By Jim Cawley
NASA’s Kennedy Space Center
The most powerful lightning strike ever recorded at NASA’s Kennedy Space Center recently put the Florida spaceport’s lightning protection system at Launch Pad 39B to the test.
On April 2, the system’s high-speed cameras activated after picking up weather conducive to lightning in the area. NASA’s Space Launch System (SLS) and Orion spacecraft were on the pad for a wet dress rehearsal attempt in preparation for the Artemis I launch, raising the stakes for the protection system’s role.
The storm produced lightning that struck inside the pad perimeter four times, including one which produced only the second positive lightning strike at pad 39B since the pad’s new lightning protection system was installed at Kennedy. Positive strikes, which transfer positive charges to the ground, are rare and account for less than 5 percent of all cloud-to-ground strikes. They typically send a more powerful surge of electricity to the ground, making them more dangerous than the more common negative strikes.
“There was a tremendous amount of energy that was transferred by this positive event,” said Dr. Carlos Mata, who designed the system for NASA under a contract and now is the chief technologist for Titusville, Florida company Scientific Lightning Solutions, which provides data analysis for lightning strikes at Kennedy when needed.
“After more than 30 milliseconds, we still had almost 3,000 amps flowing through the ground. This particular event falls into that tiny percentage – less than 1 percent – that you just don’t expect to happen.”
Amps, or amperes, are used to measure electricity. Ultra-high voltage transmission lines carry less than 3,000 amps to power up entire cities.
The first positive strike at Kennedy occurred in 2011, the first year the system was operational, though that one was significantly weaker and occurred outside the pad’s perimeter. The most recent event was intercepted by the lightning protection system, which transferred the lightning’s energy through catenary wires to the ground. It also was captured by the towers’ high-speed cameras, the launch pad’s transient recorders, the mobile launcher lightning instrumentation, and additional lightning instrumentation deployed to monitor the pad.
“I’ve never seen something so amazing,” said Jose Perez-Morales, Exploration Ground Systems senior project manager who was in charge of many of the upgrades to pad 39B to prepare it for new exploration launches after the Space Shuttle Program. “The strike occurs within milliseconds, but with the high-speed cameras, you can see frame by frame how it came from the ground and air. And when they met each other, that’s when you had the lightning strike.”
There was no damage to the rocket or spacecraft, despite the large electromagnetic field generated by the strike.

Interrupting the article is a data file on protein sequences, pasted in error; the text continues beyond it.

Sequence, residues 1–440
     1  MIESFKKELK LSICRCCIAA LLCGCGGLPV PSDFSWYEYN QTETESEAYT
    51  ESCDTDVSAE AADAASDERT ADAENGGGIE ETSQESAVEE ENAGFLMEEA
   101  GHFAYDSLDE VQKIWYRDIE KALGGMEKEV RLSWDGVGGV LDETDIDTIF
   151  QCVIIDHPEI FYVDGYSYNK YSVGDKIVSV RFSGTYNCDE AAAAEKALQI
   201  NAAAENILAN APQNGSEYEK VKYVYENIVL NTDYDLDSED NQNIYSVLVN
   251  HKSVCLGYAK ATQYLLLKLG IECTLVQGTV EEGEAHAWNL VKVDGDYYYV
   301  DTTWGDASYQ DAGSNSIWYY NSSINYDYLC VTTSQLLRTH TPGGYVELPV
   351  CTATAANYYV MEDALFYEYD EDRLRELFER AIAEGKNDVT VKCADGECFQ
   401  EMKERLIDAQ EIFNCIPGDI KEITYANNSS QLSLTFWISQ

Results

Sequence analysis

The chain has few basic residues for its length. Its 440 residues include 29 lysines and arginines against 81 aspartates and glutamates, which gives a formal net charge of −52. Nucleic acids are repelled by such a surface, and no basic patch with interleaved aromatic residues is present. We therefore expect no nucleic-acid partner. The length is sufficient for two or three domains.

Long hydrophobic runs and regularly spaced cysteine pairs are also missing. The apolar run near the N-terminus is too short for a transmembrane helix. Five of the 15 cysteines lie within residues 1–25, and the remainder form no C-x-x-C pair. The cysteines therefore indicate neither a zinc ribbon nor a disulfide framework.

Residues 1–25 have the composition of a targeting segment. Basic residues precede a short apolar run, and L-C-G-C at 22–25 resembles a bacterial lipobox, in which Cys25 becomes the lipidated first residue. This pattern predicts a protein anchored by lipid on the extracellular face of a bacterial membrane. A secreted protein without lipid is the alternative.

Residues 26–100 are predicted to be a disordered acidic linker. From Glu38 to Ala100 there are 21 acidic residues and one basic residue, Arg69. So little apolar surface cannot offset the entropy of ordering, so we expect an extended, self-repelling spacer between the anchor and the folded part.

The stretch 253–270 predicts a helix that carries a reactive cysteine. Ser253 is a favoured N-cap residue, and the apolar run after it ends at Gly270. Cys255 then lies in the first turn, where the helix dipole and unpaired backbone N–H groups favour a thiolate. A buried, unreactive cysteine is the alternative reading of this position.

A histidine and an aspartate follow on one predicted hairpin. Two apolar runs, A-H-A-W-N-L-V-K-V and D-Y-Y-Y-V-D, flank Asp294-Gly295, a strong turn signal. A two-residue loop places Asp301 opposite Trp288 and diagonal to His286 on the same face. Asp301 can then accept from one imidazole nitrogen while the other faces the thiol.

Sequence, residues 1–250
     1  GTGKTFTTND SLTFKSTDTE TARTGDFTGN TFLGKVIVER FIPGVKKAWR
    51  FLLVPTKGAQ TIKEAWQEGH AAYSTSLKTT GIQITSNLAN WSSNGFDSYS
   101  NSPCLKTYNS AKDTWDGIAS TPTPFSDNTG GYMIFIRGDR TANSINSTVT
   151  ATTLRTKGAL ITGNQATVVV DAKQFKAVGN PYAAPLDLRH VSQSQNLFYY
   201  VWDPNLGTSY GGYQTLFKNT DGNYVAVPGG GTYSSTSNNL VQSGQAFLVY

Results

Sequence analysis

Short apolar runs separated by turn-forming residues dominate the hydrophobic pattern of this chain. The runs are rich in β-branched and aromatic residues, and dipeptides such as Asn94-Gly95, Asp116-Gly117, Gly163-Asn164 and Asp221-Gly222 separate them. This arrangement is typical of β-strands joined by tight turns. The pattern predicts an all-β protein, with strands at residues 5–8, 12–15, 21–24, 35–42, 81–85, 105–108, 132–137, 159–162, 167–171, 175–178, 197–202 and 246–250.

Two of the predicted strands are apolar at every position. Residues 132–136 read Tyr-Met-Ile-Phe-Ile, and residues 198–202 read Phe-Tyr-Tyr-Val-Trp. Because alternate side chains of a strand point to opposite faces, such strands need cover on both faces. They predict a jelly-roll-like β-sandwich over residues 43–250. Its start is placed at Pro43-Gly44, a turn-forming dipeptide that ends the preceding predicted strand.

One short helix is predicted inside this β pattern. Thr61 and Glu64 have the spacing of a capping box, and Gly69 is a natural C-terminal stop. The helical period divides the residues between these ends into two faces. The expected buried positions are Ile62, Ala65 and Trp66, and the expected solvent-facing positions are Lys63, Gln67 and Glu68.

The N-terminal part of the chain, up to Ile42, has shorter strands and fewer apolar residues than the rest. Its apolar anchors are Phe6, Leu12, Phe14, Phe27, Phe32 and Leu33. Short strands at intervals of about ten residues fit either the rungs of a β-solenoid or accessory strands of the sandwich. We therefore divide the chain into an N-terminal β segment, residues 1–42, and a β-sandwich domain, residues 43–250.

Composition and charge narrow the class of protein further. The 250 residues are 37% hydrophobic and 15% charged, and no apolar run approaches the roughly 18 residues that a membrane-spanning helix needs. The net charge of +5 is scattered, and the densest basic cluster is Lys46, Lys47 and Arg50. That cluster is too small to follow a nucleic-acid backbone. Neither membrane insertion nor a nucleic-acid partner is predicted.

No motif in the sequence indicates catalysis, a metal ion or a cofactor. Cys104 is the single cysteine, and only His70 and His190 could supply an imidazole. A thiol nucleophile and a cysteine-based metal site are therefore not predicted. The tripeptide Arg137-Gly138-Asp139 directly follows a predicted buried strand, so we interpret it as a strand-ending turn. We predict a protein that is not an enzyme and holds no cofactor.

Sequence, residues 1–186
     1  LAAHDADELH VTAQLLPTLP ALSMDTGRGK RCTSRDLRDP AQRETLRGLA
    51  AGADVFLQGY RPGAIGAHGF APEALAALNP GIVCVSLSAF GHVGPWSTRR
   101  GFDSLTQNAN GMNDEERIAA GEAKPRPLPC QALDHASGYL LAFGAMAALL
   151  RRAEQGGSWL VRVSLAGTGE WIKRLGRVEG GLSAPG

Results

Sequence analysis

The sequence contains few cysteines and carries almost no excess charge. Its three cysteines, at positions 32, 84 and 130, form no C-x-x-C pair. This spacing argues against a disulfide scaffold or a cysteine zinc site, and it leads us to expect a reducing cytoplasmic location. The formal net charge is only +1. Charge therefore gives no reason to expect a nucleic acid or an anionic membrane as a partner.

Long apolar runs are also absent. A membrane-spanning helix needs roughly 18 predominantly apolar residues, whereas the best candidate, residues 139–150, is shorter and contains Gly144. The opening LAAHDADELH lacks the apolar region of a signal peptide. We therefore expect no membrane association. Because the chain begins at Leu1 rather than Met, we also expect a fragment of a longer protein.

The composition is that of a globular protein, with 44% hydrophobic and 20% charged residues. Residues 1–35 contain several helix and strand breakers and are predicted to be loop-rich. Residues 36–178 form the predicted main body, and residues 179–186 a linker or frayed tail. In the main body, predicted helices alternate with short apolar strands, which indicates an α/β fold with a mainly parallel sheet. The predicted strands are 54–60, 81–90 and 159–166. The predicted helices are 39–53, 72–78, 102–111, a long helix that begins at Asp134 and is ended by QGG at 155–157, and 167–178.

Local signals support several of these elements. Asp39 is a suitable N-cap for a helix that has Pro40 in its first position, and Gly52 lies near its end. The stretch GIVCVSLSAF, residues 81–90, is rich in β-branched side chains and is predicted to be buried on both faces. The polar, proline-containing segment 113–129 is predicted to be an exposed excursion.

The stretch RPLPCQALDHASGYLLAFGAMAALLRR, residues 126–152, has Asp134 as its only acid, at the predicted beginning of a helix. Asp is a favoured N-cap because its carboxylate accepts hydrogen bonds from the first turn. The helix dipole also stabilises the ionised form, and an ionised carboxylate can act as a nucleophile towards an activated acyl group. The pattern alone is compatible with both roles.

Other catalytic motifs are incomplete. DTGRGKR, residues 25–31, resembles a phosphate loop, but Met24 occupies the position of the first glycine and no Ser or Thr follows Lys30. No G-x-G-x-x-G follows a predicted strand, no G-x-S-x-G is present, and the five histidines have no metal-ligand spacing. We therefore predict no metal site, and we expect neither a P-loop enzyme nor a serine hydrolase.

“You design things to withstand certain energy levels, but in this line of business, you can’t test it to make sure that it does what you expect it to do – you have to wait for Mother Nature to test it for you. And Mother Nature did put it to the test,” Mata said. “Once we started looking at the data and realized the system had done what we designed it to do, I don’t think that I can describe how I felt, knowing that we hadn’t let anyone down, that we did our due diligence, and we did it right.”
The system was one of the first things added to the upgraded pad to protect technicians. Since the system was activated, there has not been a lightning strike within the intended area of protection at pad 39B. Even the recent history-making flash of electrical energy couldn’t blemish that record.
Several years ago, while working on a contract as Kennedy’s Advanced Technology and Development Laboratory technical lead, Mata used software he designed to run simulations for a new lightning protection system at the pad. During design, he positioned the towers using this software and was able to obtain full coverage of the mobile launcher by using three lightning towers, rather than the single tower that was part of the previous pad infrastructure during the space shuttle era and only partially protected the orbiter.
“He did a tremendous amount of field work to ensure we had the most robust system while still saving a significant amount of money for NASA,” Perez-Morales said.
At nearly 600 feet, the taller towers are positioned to provide more protection to flight hardware. The height of the towers is a function of the height of the mobile launcher and the SLS rocket when at the pad.
Mata’s design is based on a rolling sphere theory. While the old system used during the Apollo and shuttle programs featured a 45-degree cone of protection, which left a portion of the hardware exposed, Mata’s design completely protects all hardware – including the mobile launcher – under catenary wires. Supported by long insulation masts at the top of the towers, the wires run to the ground almost diagonally, steering the lightning current away from the rocket.